Minke whale
We continued north moving along the eastern edge of the Stellwagen Bank. Few birds and whales were seen so we continued all the way to the northwest corner of the bank, just off Boston MA. Here we picked up two humpback whales that we identified as Shuffleboard and Habanero. Shuffleboard was first seen in 2008 and Habenero was first seen in 2012. This pair was slowly moving across the bank and seemed to be just taking it easy on such a beautiful day.

Follicle fluking out high with Ember in front.
We also picked up some additional whale sightings including a whale named Timberline, a male born in 1990 to a mother named Arc. Then we picked up a small group of humpbacks that included Ember, Gunslinger and Follicle. Ember, a male born in 1982 to a mom named Cardhu, appeared to be very excited for he was flippering (flipper slapping) at the surface. As we held position for this trio, two finback whales surprised us by surfacing off our bow. This pair seemed to be heading leisurely down the bank towards Race Point. Finbacks are nicknamed the "greyhounds of the sea" for they are incredibly fast moving whales.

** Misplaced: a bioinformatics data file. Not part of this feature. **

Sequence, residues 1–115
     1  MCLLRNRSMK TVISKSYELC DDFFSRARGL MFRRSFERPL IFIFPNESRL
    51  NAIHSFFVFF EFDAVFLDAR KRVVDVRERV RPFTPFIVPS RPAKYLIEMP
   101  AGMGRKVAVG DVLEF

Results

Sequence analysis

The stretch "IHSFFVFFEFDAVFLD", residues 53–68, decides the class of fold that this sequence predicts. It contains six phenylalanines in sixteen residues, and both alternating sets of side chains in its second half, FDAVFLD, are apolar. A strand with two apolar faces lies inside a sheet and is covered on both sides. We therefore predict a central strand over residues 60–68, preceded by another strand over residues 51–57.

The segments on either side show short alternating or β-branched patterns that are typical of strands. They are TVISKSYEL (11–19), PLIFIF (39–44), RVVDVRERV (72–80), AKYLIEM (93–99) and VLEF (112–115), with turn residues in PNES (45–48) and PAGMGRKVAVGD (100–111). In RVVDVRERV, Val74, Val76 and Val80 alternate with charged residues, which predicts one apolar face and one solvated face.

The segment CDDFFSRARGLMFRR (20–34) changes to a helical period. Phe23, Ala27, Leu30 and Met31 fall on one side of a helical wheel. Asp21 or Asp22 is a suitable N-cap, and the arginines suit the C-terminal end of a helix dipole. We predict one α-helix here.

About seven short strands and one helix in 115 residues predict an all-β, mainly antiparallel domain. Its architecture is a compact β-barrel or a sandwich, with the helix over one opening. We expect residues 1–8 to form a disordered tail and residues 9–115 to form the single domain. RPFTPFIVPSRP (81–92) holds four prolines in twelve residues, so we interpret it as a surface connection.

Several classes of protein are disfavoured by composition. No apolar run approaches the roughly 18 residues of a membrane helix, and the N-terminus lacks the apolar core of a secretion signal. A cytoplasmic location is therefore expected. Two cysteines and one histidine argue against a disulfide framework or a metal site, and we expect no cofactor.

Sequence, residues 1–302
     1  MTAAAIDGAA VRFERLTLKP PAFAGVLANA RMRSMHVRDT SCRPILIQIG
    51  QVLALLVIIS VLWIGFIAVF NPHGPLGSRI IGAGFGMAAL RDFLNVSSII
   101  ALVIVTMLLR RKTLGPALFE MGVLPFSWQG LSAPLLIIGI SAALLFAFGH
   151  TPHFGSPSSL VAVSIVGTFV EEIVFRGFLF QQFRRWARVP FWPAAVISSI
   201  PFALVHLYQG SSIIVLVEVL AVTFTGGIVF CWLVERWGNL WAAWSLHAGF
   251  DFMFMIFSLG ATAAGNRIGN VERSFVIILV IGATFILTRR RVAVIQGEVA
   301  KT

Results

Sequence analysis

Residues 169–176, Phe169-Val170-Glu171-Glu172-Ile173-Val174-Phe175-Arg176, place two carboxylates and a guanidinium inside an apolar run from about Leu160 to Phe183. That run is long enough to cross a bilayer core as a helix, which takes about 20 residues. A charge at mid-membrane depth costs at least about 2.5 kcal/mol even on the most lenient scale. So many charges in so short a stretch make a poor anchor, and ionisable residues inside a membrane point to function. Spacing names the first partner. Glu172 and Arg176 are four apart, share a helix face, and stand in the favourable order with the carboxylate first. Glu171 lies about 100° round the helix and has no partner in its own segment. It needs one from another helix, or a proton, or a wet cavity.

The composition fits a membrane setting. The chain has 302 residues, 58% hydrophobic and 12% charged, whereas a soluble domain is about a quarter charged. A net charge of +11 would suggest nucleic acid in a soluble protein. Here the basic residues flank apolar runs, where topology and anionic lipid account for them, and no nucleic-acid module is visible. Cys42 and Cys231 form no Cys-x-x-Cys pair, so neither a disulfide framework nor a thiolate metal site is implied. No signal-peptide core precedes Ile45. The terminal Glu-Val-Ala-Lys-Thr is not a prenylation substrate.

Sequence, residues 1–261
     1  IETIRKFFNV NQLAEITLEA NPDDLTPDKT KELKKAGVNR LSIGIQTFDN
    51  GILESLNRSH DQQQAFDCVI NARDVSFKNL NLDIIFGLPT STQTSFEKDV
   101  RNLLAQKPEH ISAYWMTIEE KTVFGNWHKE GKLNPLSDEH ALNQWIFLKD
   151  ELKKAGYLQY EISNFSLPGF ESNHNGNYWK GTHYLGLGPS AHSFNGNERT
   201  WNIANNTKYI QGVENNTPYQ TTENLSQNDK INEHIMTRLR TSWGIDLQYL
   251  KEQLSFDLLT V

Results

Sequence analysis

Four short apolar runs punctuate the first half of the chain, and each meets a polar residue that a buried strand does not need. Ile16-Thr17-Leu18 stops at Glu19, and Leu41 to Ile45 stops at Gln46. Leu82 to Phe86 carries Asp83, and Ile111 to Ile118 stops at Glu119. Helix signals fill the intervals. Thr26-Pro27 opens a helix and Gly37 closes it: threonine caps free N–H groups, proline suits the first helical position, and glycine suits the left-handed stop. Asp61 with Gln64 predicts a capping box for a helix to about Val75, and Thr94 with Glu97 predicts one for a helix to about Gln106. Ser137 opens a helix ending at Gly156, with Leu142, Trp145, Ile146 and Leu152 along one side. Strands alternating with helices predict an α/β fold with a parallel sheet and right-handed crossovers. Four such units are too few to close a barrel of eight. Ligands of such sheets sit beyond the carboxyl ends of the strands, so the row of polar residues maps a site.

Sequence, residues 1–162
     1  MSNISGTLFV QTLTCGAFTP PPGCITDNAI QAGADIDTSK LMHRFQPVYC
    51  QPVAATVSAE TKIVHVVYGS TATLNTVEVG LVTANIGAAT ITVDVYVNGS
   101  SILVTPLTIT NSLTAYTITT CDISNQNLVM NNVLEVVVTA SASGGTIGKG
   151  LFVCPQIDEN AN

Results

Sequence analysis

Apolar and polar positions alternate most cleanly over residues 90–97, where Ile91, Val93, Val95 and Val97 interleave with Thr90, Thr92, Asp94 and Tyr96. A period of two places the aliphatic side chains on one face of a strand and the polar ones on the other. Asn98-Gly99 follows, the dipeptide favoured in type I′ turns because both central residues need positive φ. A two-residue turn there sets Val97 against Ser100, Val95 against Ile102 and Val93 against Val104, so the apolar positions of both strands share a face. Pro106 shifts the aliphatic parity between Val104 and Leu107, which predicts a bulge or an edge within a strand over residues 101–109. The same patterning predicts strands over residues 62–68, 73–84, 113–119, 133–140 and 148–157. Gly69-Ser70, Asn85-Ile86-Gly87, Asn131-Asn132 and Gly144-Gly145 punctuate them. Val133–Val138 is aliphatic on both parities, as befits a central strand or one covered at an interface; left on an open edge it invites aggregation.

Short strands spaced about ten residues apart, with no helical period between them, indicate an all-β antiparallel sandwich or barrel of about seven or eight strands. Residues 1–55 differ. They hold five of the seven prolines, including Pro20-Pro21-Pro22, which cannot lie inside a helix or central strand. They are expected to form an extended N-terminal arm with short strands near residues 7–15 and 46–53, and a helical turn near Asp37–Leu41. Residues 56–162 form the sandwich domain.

Ember flippering with Follicle and Gunslinger by his side.
As we watched our humpback trio, we noticed that when Ember stopped flippering, the group soon broke-up with Follicle joining Bayou, a new whale that moved into the area, while both Gunslinger and Ember headed off on their own. 

As Bayou fluked out, we saw that the right flukes of this whale had been cut off due to a vessel collision.  Bayou has healed from this injury and is doing well, but the damage to this animal’s tail is a stark reminder of the hazards that whales and other marine wildlife face when they feed in our protected waters. 
Finback whale
As we headed back south down the bank, we passed a mother and calf pair that we later identified as Echo and her calf of this year. We also passed a small flock of red-necked phalaropes that were sitting on the surface.
Perseid's calf surfacing off the bow

Pele fluking out with Perseid and calf by his side.
In the middle of the bank, we picked up three more humpback whales that included Pele who was feeding with Perseid and her calf.  Pele is a male that was first seen in 1997 and Perseid was born in 1998 to a mother named Palette.  Both adults were feeding deep while the calf was observed resting at the surface. While the crew worked to retrieve a yellow balloon from the water, the calf spent a lot of time playing at the surface as it rolled and fluked out several times to everyone's joy.